Tuesday, August 22, 2017

News: Free parking "not the answer" for revitalising Rotherham


Local businesses have been asking for free parking across Rotherham town centre but those behind the masterplan for the area insist that it is not the key to success.

Instead, the masterplan sets out that the answer is building and enhancing the quality of the destination and the town centre as an attraction, and by creating an intelligent and competitive parking regime.

The recently published masterplan places a greater emphasis on town centre living and leisure, as opposed to traditional retail uses, in continuing the regeneration of Rotherham town centre. It is set for approval by the Council's cabinet in September.

A detailed parking strategy has been prepared to underpin and support the plan which was developed for the Council by WYG Group and Lambert Smith Hampton and includes key catalyst projects such as the proposed £43m leisure development with a cinema, hotel and a 300 space car park on Forge Island (cgi, above).

The masterplan states: "Whilst the sustainable modes of travel are promoted the role of car parking in supporting the success and sustainability of town centre and its businesses is confirmed as vitally important.

"Free parking giving access to a poor town centre is not the key to success. An improved town centre offer, with an intelligent and competitive parking regime is. Parking controls should be geared to encouraging people to use the town centre as conveniently and cost effectively as possible."


Parking charges increased in Rotherham town centre in 2016 to help fill a deficit in the Council's parking services budget. Councillors wanted an option to increase charges on the basis of free (off street) parking being provided on Saturdays but this was not acceded to.

The latest plans do put forward some ideas for the Council, but free parking "across the board" is not one of them. In 2015, Council bosses estimated that this would "probably" boost trade but if it was introduced, a £400,000 surplus generated for the Council would turn into a deficit of approximately £500,000.

Ideas include operating a "hub" of public car parks with the same pricing structure, additional time-limited free parking in car parks where there is low occupancy (as used in the "red zone" on Forge Island), and barrier controlled entry and exit car parks so that people are not forced to leave the town when their ticket expires. Pay on exit barrier controlled parking reduces the risk of enforcement and people only pay for what they use.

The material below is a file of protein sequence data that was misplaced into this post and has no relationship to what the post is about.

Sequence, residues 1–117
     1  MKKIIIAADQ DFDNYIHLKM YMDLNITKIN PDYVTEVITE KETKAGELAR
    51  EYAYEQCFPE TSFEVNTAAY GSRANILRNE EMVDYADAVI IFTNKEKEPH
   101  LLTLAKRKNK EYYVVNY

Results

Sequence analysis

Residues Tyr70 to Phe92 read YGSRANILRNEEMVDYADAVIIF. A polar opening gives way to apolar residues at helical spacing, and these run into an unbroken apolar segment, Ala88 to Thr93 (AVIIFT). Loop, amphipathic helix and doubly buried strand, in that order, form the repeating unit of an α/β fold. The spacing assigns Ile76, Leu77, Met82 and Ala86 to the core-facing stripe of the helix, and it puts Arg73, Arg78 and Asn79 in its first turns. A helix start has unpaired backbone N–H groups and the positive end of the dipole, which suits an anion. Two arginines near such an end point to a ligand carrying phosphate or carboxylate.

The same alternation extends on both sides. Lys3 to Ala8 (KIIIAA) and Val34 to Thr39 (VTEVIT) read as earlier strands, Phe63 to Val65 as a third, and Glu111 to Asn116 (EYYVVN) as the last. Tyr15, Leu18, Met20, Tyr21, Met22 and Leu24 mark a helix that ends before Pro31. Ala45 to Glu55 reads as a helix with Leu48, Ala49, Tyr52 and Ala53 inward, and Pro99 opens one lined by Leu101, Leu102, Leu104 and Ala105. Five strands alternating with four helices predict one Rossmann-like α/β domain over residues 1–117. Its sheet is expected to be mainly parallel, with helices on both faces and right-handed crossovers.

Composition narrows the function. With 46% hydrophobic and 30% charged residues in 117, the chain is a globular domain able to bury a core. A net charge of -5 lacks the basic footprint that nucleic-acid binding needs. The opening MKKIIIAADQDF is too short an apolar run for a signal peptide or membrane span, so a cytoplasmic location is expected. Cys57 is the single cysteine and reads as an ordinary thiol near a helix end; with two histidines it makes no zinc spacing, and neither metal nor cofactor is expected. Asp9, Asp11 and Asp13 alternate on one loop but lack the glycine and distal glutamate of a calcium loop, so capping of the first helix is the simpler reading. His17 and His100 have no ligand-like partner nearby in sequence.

Another idea is for additional on-street parking in central areas to provide easy access for shoppers and visitors. The balance of pedestrian and vehicular access in areas around Howard Street, Effingham Street and College Street means that areas are cut-off from passing movements of people and motorists, particularly in the evening. Allowing cars on the pedestrianised areas out of shopping-hours and the introduction of 20-30 new spaces is put forward.

The plans state: "Proposals for car parking in the short-term should help to support increased use of the town centre. This will directly to answer retailers' requests for interim measures to support vitality and viability. This could involve the Council taking a flexible approach to their car parks and the charging / ticketing regimes.

"The answer to Rotherham's future is not however free parking. The answer is building and enhancing the quality of the destination and the town centre as an attraction.

"In the longer term, the aim is to ensure safe, welcoming and user friendly town centre car parks and parking options, which are convenient, competitively priced and which encourage use of the town centre through the day and into the evening."


The plans also show an oversupply of parking now, and with planned developments. Even as existing surface car parks make way for proposed development this "will in part address the present over supply (and underuse) of many car parks."

The plans add: "To ensure businesses continue to trade well and benefit from adequate car parking in the town centre, we have assessed the implications of blocks of parking being removed from the supply at various times. Our conclusions are that there will always be supply to meet present and future demands and that the interim arrangements will be sufficient to ensure the town centre continues to trade."

Studies show the existing off street parking provision of 2,374 spaces dipping below 2,000 in 2019 before returning to 2,300 as new car parks are created by the end of 2020. Car park maximum occupancy levels are shown as 1,415 in 2017 and 1,727 in the year 2028.

For example: "Whilst there may be some inconvenience with parking at Forge Island being lost whilst development is under construction, parking will be available in the refurbished Interchange."

Images: WYG / RMBC


Rob Foulds August 22, 2017 at 4:39 PM  

And I'll still be shopping at Parkgate - oh! where the parking is free.

Mr me August 23, 2017 at 12:31 PM  

I work all over country and rarely if ever come across free parking,its the norm to pay.Saying that Rotherham actually needs some shops/attractions actually worth going there for !

Nigel Simpson,  September 15, 2017 at 9:06 PM  

Free parking is not the problem - unless people actually want
to go to the shops that are available.
So if retail world was in the town centre, people would go,
and would get free parking...
The solution is build it and they will come.
But charge them and they will leave again.

buffy Anne Summersxx March 9, 2023 at 6:35 AM  

The council killed the town by going against the public and charging they were warned now that come to pass they trying to patch it with free parking. It's not going to work you ca t revive something once u killed it.

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